This week I tried something new to illustrate the idea of how folktales develop. I chose a student to be the storyteller. The student stood up next to me. Then I told a story, really a number of facts about a colorful aunt I had. The storyteller then had to retell the story to the class. We had three or four people try their hand at retelling it. The results were hilarious and sometimes heartwarming. Needless to say, the story took on a life of its own. Sometimes the changes were unintentional, but several of the students were natural embellishers. I took care to mention that these acts of omission or clear fabrication were part of the process a story had to go through to become folklore.

To me, hearing the story of my aunt who lived in a lemon grove, turn into a story about my father who lived in a lemon, was shear magic.

Sunday, December 13, 2009

RISD Alumni Art Sale

Yesterday I hoofed it on over to the RISD (Rhode Island School of Design) Alumni Art Sale held at the Rhode Island Convention Center. Always a feast for the eyes, these sales delight and inspire. My objective in going yesterday was to visit Grace Lin and get my hands on a signed copy of her book Where the Mountain meets the Moon. The book has been getting good reviews and I have wanted to read it, but I was pretty sure I could get a specially signed copy if I waited. I intend to wrap it and put it under the tree for myself. Then I will read in between the holidays and the beginning of the new year.

If you are not familiar with Grace Lin, you are missing out on a gem. Her work is fresh and empowering. Her website and blog are among my favorites to follow. Grace has a voice which is so friendly and warm that you really feel like you know her. This tone is one of the reasons her books have such appeal. Don’t miss out any longer. To view her blog, see a trailer for the book, as well as her interview on the Today Show, go to:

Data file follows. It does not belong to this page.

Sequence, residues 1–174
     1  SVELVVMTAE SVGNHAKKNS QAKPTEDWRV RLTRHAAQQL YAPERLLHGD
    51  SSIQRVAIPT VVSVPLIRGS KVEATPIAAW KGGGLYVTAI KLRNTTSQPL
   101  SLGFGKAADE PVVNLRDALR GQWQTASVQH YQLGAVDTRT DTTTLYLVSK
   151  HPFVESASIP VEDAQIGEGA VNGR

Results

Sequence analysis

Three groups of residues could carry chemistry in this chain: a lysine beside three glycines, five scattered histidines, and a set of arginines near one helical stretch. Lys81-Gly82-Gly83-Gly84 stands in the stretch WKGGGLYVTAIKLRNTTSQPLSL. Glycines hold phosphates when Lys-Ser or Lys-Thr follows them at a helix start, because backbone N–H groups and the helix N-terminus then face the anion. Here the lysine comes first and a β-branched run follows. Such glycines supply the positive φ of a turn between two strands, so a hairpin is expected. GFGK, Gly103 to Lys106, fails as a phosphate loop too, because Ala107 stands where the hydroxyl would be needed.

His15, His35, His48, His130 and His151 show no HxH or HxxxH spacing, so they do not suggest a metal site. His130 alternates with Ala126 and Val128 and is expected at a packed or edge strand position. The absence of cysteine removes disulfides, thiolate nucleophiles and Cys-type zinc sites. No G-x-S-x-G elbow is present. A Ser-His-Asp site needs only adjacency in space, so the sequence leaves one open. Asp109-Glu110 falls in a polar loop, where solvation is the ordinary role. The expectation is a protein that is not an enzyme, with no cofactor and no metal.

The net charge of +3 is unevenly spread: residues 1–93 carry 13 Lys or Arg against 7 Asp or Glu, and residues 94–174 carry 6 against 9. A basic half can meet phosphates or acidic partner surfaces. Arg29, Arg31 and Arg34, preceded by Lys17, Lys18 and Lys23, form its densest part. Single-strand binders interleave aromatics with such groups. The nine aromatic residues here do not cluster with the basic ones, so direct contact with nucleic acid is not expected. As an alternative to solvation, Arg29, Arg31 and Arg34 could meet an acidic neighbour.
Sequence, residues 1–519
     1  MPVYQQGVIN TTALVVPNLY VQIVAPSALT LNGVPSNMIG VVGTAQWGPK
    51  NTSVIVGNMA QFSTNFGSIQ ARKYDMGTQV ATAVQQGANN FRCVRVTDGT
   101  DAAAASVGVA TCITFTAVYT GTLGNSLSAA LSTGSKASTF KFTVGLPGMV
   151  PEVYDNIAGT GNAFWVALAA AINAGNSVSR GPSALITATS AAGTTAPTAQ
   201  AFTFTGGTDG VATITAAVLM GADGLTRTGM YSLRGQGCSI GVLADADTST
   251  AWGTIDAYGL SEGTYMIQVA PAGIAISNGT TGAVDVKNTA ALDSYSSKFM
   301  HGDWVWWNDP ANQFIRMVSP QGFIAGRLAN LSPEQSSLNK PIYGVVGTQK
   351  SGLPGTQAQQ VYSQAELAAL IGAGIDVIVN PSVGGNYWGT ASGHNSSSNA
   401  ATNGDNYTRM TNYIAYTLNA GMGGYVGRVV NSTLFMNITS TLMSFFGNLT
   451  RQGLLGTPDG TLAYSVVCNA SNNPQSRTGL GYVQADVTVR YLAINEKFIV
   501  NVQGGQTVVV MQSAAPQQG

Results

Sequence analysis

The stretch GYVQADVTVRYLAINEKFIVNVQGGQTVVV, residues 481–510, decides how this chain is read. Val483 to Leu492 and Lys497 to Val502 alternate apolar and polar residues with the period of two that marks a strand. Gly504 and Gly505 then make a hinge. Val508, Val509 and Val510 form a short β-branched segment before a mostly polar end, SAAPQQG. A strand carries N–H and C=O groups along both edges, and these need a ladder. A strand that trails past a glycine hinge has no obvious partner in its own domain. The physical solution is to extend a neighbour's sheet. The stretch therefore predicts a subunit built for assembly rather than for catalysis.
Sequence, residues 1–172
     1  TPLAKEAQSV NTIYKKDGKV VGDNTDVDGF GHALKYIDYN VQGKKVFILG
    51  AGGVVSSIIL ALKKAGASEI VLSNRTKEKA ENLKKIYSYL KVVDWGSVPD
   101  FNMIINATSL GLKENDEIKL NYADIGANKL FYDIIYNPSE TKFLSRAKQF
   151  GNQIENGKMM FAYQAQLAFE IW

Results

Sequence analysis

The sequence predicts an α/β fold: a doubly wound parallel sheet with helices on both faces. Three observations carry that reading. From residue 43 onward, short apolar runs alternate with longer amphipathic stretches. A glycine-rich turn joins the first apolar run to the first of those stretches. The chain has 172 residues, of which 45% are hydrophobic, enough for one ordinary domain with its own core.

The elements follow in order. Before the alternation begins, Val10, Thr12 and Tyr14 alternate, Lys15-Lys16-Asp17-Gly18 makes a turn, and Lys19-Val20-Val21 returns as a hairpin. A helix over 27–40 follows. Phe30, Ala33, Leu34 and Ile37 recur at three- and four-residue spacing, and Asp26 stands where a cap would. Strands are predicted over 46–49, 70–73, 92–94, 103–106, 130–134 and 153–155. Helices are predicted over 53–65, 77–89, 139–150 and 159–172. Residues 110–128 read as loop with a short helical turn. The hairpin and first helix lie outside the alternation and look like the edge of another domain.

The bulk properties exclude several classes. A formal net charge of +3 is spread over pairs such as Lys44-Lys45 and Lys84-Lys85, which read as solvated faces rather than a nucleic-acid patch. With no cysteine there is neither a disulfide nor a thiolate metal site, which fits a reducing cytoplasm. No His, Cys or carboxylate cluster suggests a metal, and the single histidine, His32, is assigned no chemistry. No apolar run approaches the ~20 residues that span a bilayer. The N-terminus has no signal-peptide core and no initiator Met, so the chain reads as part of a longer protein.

Yesterday I tried to behave myself. I really did. The first time I saw Grace at a RISD Almuni Art Sale, I charged the booth she shares with Anna Altieri and simply gushed “I’m a fan!” at which my preteen child nearly died of embarrassment. I didn’t know enough to stop. “I follow your blogs” I continued. I was on a roll. Grace was charming and didn’t seem to think my behavior as outrageous as my companion did. She simply smiled and asked me if I was a librarian. How did she know? While I was thinking she was not only a wonderful author/illustrator but also somewhat of a mystic, my child informed me that it was as if I had the word LIBRARIAN stamped across my forehead.

Yesterday I managed to browse peacefully, request my books quietly and slyly mention that I do follow her blogs and enjoy them. I bought the aforementioned Where the Mountain Meets the Moon, Robert’s Snow and Lissy’s Friends, complete with Lissy doll. I intend to use Lissy’s Friends at school to accompany my origami lessons.

Here's the inside of my book bag.

Sunday, December 6, 2009

One Week Later

My rough draft

One week after I completed the NANOWRIMO challenge of 50,000 words in the month of November, I look back with awe. It changed my thinking about books in general and writing them in particular.

Reading the advice of others is confusing. Some say that after you have written the rough draft you should put your manuscript away. Some say it should be at least a week. Others frame it in terms of months. It is true that some people dive right into the job of revisions. Who is to say which way will yield better results?

I had the fortitude to leave the manuscript alone for 5 week days, but yesterday I peeked at it. Suddenly, I had a new idea which will make many changes neccesary, but has really invigorated me and I'm ready to dive back into the story. Should I or shouldn't I start right back in on it? I haven't decided yet.